The UNM Health Sciences Center and Chemical Diversity Labs, Inc. (CDL) of San Diego, California, one of the world's leading chemistry services companies, recently entered into an innovative research partnership to collaborate in discovering drugs that could be effective against a variety of diseases.
At its most basic level, discovering more effective drugs for use in the treatment of disease means evaluating how chemical compounds might impact biological processes. For instance, calcium, a naturally chemical, has been shown to reduce stomach acid and is used in some drugs to treat heartburn. With today's technology, drug companies have thousands and thousands of chemical compounds that could potentially affect biological cells in a myriad of ways. Companies organize these chemical compounds in what people call libraries.
Under the recently signed agreement, CDL chose UNM as a research partner to help the university validate its technology, called HyperCytTM.
Chemical Diversity Labs, Inc. is a leading provider of discovery chemistry for the pharmaceutical, biotech and agriculture industries and boasts the largest, most diverse collection of chemistry compounds in the world industry. With more than 200 chemists, 500 customers and worldwide operations, CDL offers highly flexible integrated solutions in pre-clinical drug discoveries.
The UNM Health Sciences Center has two unique types of screening procedures in use, one that can screen and measure actual effects in cells and a "virtual" screening process, through computational technology.
Dr. Larry Sklar, director of Basic Research at UNM Cancer Research and Treatment Center and a world leader in the use flow cytometry and its applications for drug discovery, said, "I am delighted that Chemical Diversity Labs chose to work with UNM on this project, since CDL is a widely respected player in discovery chemistry and has also created state-of-the-art technology platforms in this field."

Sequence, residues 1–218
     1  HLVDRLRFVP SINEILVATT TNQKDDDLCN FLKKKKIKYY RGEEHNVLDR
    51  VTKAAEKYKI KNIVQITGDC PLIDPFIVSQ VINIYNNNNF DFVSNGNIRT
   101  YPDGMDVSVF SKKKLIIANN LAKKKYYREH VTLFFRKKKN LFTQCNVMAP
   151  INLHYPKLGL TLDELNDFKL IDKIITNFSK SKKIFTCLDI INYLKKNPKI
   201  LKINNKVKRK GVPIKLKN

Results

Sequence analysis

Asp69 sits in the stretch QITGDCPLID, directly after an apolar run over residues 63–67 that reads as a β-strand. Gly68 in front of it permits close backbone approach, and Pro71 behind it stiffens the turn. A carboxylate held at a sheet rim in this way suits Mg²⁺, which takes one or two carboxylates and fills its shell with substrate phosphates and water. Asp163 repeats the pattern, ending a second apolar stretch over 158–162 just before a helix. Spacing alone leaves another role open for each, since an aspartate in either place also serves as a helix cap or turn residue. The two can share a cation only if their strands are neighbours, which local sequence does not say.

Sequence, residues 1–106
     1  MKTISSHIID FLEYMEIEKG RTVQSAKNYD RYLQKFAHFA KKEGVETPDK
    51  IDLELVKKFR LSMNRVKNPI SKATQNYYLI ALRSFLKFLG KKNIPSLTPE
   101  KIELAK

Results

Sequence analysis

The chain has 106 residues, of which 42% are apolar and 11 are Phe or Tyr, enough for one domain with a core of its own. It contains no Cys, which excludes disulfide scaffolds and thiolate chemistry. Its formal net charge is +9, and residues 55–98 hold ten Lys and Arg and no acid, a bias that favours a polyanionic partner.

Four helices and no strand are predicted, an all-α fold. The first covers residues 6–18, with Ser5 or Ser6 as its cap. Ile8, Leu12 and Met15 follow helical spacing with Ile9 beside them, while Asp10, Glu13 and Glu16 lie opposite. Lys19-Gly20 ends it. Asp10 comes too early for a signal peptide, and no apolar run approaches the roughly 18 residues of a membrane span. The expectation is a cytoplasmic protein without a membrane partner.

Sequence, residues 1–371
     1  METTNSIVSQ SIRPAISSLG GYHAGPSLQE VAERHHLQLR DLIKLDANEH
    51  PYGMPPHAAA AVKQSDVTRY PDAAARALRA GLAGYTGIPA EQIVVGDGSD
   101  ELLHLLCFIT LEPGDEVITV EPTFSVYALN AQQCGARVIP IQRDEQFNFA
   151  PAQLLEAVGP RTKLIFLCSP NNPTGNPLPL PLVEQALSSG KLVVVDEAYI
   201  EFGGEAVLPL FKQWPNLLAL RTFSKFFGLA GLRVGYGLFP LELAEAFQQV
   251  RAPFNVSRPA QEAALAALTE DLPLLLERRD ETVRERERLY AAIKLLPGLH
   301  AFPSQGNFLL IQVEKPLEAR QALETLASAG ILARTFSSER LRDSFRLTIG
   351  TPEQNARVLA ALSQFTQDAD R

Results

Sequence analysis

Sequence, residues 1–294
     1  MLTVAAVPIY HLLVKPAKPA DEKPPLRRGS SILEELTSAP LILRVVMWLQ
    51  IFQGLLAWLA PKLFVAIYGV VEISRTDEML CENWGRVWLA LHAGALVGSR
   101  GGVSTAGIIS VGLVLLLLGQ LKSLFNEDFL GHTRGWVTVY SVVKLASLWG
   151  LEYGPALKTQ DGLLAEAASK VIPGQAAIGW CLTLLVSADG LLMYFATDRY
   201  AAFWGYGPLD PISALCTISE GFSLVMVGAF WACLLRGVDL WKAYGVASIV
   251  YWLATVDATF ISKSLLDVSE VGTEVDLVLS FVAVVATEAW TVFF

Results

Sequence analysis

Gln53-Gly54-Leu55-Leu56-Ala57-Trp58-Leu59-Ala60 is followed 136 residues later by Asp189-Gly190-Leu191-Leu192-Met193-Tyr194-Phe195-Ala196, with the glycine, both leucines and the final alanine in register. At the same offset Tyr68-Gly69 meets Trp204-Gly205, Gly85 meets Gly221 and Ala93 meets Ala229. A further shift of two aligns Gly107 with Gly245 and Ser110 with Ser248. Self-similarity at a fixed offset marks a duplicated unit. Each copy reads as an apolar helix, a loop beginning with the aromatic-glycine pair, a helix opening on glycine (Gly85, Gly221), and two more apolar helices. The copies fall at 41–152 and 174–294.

As part of the collaboration, Dr. Tudor I. Oprea, who is a leading world authority on medicinal and computational chemistry and the director of Biocomputing at UNM's Health Science Center, will perform "virtual scans" by using his proprietary alogorithms to verify CDL's computational focusing of targeted libraries and to select a library of small-molecule compounds for screening as potential ligands for a peptide-activated GPCR for which no small-molecule antagonists are known at present. GPCR are the most numerous types of cell proteins in the body and are the target agents for approximately 50 percent of the drugs on the market today.
Oprea recently joined the Advisory Board of CDL. CDL expects to use Oprea's expertise in the areas of combinatorial/medicinal chemistry, with focus on cheminformatics and bioinformatics to further develop their pipeline of discovery chemistry.
Dr. Ilya Okun, vice president of Research & Development at CDL, views the collaboration as a very synergistic one for both organizations. "I am very pleased that this venture between CDL and UNM brings together the expertise of a world-renowned team of scientists, who will be working together to validate CDL's library, focused on the GPCR class of therapeutic targets as well as new technology developed by UNM to screen libraries against isolated GPCRs with the ability to distinguish agonists and antagonists. Our combined expertise, will, I hope, lead to some real breakthroughs."
Contact: Cindy Foster, 272-3322